Breastplate part 2

Time taken: 7 hours.
Materials: 1/2 inch stainless 18g jump rings, red drill fabric, charcoal linen, gold acetate satin, waxed thread, cotton thread, small pieces of 1-1.2mm leather.
Tools: Craft knife, scissors, 2 pairs pliers, pins, sewing machine, iron, speedy stitcher.
Techniques: Leatherwork, basic sewing, maille making, applique.
Difficulty level: Hard on the hands, involves a bit of shaping and tailoring, otherwise straightforward.

No idea what this part is called, by the way. I have alternately called it a breastplate, a jerkin, a jacket, and a cuirass. I’m still not sure it’s even a real thing. Anyway..

When we left off, the breastplate had been sewn on to the leather jerkin and the belt. It still needed its fabric, its straps and some sleeves. Sounds simple, right?

Cullen back viewOK so I started on the chainmail first because this is boring and can be slow going. I especially struggle when getting started, because if you move it at that point it loses its pattern and I’m still fairly new to maille. I cottoned on to tying the first row of rings to a wire spreader which keeps them in position and this helped a lot:

breastplate015We can assume here that any time I’m not doing other work on this project, I’m adding jump rings to the ever-growing Bit ‘o’ Knitting up there. So let’s put that aside for a bit.

Meanwhile, before adding any more pieces to the jacket, each of which closes up the seams a little more, I needed to get the straps that will eventually hold the pauldrons on sorted. They had been attached to the breastplate in the previous post and left flapping around. Now, I cut holes in the front sections of the jerkin just below the shoulder (measure your model!) and pushed them through to the front. Here’s where I made my first real mistake – I cut too cavalierly and slipped and left a 2-inch long gaping hole in the front of my precious jacket!

So I stitched it up and tried to make it look like an old war wound:

breastplate017It’s totally meant to be there!

Now that those straps were where they needed to be, I could forget about them for a while, as long as they weren’t allowed to drop back inside. Then I got on with adding the fabric to the rest of the body.

For this I cut two large double-thickness back pieces of the red drill using a men’s jacket pattern. It’s a bit of a waste of fabric to do this but I had no idea what shape they’d end up being and didn’t want to cut them too small to start. I used the charcoal and gold fabrics to make the striped detail you can see in the reference pic. I knew how far this needed to be from the edge, so they could be sewn on straight away:

breastplate018I should point out that on the straight edge of this, there are two layers of charcoal so that the top ones will come together when worn and cover the fastenings underneath.

Then I got my (extremely obliging) model to hang about while I pinned and fitted and pinned some more, and ended up cutting them down to what was close to the eventual shape:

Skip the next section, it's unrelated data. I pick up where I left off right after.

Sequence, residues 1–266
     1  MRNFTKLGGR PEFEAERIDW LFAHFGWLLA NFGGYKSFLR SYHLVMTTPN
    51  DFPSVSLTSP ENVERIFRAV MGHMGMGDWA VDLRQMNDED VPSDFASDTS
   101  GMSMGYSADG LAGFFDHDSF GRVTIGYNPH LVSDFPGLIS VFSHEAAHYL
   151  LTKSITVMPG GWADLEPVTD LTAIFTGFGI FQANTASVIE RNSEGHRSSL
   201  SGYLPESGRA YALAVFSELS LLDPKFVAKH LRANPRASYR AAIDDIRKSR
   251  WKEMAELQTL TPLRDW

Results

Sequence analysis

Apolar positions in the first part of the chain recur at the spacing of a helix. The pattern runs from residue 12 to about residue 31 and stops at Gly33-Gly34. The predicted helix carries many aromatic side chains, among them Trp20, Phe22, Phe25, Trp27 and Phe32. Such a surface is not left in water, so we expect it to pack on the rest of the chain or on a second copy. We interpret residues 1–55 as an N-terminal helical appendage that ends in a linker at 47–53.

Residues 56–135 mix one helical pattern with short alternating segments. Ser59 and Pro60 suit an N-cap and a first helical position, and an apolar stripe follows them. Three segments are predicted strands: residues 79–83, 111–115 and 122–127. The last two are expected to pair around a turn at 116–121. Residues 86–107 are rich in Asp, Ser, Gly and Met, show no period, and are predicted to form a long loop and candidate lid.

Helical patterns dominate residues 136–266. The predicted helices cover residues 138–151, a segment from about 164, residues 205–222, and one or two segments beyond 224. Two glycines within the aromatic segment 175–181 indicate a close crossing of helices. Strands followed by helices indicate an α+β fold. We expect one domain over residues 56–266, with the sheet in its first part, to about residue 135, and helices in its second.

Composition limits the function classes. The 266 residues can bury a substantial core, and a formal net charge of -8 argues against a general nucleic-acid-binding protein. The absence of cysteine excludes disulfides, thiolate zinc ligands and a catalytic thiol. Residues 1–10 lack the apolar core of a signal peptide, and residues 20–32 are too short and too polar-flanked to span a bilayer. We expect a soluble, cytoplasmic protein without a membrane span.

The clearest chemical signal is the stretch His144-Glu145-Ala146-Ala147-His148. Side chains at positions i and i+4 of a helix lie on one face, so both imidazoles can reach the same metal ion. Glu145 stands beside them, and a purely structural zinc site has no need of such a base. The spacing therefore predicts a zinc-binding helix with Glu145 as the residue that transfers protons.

breastplate019Once they were this size they were much easier to handle, and I was able to pin them in their permanent position and trim away the excess. What I ended up with was about 1/3 of what I started with. Next time I won’t need to waste so much fabric because I’ll know. 😉

At this point I made some fabric ties from the charcoal linen, and sewed them under the cover flap that hides them. You could just as easily put a zip in here but I didn’t have one, and I find ties more authentic and also better for a custom fit.

breastplate021So then it was a matter of very carefully pinning the fabric in place:

breastplate020And then inserting some elevator music or maybe a Mass Effect conversation or two, while I stitched everything up. All of the seams are double stitched in the same way that the breastplate was attached, so it took.. um.. most of Season 1 of Vikings.. to do this. I do finally think I’m getting good at stitching though..


You’ll see in that last pic there are little bits of leather sewn onto the fabric at the sides and bottom. The side ones are to reinforce the fabric where the leather back strap will go through to join onto the breastplate, and the bottom ones are just to make the attachment of the bottom ties look a bit prettier.

Now, about that chainmail… how’s it going then? Not very quickly! This is because of spending all my time stitching instead. But look! Progress!

breastplate016NB this maille is not suitable for protection purposes – the gauge is too small and the rings are too large. For making a reasonable lightweight facsimile of chainmail, it’s ideal. But It wouldn’t stop a sword. Maybe a butter knife?

Next steps – add the leather strapping, the chainmail and the sleeves. I had no idea when I started that this would end up being a three-post process.


* I chose nickel colouring for all my buckles. If you’re luckier than me you’ll be able to get all the sizes/shapes you need in antique silver colouring.

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